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Bobby Liebling & PENTAGRAM have been churning out widely admired hard rock / doom metal for over four decades. Withinitsfirst, this D.C. band is largely regarded as pioneering not one but two sub-genres of hard rock. At the onset of the1970’s,they helped procreate a behemoth called, “Heavy Metal.” Nine years on, they’d be planting the dark seed of whatwould growto be known as “Doom.” 2011 marks the 40th Anniversary of this American treasure and see the release of theirnew album,Last Rites, on Metal Blade Records.

When asked about his old band’s beginnings, co-fo more

Bobby Liebling & PENTAGRAM have been churning out widely admired hard rock / doom metal for over four decades. Withinitsfirst, this D.C. band is largely regarded as pioneering not one but two sub-genres of hard rock. At the onset of the1970’s,they helped procreate a behemoth called, “Heavy Metal.” Nine years on, they’d be planting the dark seed of whatwould growto be known as “Doom.” 2011 marks the 40th Anniversary of this American treasure and see the release of theirnew album,Last Rites, on Metal Blade Records.

When asked about his old band’s beginnings, co-founder and drummer Geof O’Keefe recalls, “It was 40 yrs ago in the fallof1971. I’m not sure if it was literally Halloween night but it was at least pretty close. I was sitting around with BobbyLiebling,my best friend from school. We were bemoaning our own bands, Shades of Darkness and Space Meat. We were alsotalkingabout how Blue Cheer had lost both their fire and guitarist Leigh Stephens. Cream had disbanded, and Hendrix had beendeada year.” That night an idea that could change hard rock history dawned on them. They should join forces start a newgroupplaying all original music influenced by the heavier bands they both loved! Out of love and frustration, PENTAGRAM wasborn.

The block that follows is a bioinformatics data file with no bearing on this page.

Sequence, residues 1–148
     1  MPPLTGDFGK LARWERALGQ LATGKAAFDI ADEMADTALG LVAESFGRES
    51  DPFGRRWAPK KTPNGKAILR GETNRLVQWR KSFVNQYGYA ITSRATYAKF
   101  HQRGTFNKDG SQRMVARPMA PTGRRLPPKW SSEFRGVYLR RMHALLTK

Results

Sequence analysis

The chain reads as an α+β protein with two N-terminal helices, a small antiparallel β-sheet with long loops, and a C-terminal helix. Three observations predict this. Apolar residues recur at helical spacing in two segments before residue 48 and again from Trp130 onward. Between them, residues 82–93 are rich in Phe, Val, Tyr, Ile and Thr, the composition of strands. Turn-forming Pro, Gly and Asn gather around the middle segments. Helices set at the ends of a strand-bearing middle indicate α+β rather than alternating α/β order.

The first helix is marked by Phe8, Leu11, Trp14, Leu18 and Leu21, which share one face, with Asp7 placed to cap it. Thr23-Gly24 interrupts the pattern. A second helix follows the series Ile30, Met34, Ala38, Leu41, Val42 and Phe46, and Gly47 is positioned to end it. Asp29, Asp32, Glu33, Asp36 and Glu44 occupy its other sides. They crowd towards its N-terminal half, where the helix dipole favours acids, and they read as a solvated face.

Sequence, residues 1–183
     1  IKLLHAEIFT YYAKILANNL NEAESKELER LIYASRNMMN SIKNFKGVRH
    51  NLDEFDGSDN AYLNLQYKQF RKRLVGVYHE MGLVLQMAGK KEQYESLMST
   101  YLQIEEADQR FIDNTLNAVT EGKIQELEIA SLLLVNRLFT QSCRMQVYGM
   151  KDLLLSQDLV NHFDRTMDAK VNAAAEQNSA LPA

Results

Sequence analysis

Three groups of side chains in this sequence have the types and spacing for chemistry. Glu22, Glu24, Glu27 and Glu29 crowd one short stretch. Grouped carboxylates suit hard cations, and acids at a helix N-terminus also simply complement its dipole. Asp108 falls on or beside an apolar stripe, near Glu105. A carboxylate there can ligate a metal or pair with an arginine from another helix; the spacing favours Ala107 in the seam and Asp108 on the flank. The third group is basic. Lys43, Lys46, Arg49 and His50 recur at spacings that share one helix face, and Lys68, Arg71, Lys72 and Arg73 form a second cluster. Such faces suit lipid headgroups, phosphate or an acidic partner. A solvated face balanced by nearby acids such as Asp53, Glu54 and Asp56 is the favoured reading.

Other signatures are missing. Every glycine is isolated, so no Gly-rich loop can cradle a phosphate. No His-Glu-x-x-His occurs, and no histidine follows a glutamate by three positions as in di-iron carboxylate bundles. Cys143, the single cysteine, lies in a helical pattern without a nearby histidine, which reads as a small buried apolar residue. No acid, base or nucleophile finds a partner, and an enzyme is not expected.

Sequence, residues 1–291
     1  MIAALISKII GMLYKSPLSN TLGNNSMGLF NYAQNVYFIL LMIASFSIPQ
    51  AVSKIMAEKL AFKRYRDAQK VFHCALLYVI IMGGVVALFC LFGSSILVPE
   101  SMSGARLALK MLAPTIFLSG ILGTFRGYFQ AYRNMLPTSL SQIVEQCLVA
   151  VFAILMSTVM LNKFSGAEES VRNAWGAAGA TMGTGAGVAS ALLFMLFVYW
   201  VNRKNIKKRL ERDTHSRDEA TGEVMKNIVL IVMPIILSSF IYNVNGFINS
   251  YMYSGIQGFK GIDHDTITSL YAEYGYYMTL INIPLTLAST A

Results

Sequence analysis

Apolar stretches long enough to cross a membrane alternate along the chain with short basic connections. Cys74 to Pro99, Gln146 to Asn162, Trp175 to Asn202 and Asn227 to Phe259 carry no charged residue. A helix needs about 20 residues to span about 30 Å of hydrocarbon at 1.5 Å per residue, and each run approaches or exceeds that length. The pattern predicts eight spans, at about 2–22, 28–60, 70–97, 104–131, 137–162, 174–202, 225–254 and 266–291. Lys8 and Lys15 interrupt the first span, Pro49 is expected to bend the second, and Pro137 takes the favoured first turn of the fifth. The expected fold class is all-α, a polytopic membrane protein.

Enter 1981. Joe Hasselvander, who joined the lineup in ’78, was dating a girl who had told him about her 18 yr oldbrotherVictor back in TN. Victor Griffin was a young, heavy guitarist already recording his own music under the name of DeathRow.On a family visit, Hasselvander traveled to Knoxville to see if this fresh-out-of-high-school musician lived up to hisreputation.“Back then Victor Griffin and Lee Abney, his bass player at the time, were already playing the Death Rowmaterial,”remembers Hasselvander. “Griffin had the songs and I was blown away by his playing. He had a sound that was a lotdeeperthan what Venom was doing and it was heavier and more Sabbath-y than what Witchfinder General was doing. In fact,Ithought that it was better than Sabbath. He was Blue Cheer mixed with Black Sabbath!.

Shortly before this period, while in high school, is where Griffin perfected the sound invention of “Drop B tuning.”Ofthetechnique, Griffin says, “I had been messing around with a drop D tuning which was also uncommon at the time. I hadbeenplaying around with it and dropping it lower and discovered something when I got to B. If you play a fifth chord on thetoptwo strings, it makes this octave. Now you have those seven-string guitars with the low B right on there. For thetimethough, I don’t know of anyone who had done that.” Little did he know at the time that he’d influence thousands ofplayers inthe future.